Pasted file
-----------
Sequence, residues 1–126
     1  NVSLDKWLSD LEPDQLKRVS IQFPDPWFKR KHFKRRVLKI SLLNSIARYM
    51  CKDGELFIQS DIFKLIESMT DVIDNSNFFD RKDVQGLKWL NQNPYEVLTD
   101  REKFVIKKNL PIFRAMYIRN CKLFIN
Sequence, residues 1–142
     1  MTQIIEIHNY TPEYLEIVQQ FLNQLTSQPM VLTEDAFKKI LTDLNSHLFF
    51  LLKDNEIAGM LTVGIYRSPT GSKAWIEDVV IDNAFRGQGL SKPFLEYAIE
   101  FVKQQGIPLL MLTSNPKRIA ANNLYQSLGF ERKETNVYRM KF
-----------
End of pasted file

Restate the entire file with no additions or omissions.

Sequence, residues 1–126
     1  NVSLDKWLSD LEPDQLKRVS IQFPDPWFKR KHFKRRVLKI SLLNSIARYM
    51  CKDGELFIQS DIFKLIESMT DVIDNSNFFD RKDVQGLKWL NQNPYEVLTD
   101  REKFVIKKNL PIFRAMYIRN CKLFIN
Sequence, residues 1–142
     1  MTQIIEIHNY TPEYLEIVQQ FLNQLTSQPM VLTEDAFKKI LTDLNSHLFF
    51  LLKDNEIAGM LTVGIYRSPT GSKAWIEDVV IDNAFRGQGL SKPFLEYAIE
   101  FVKQQGIPLL MLTSNPKRIA ANNLYQSLGF ERKETNVYRM KF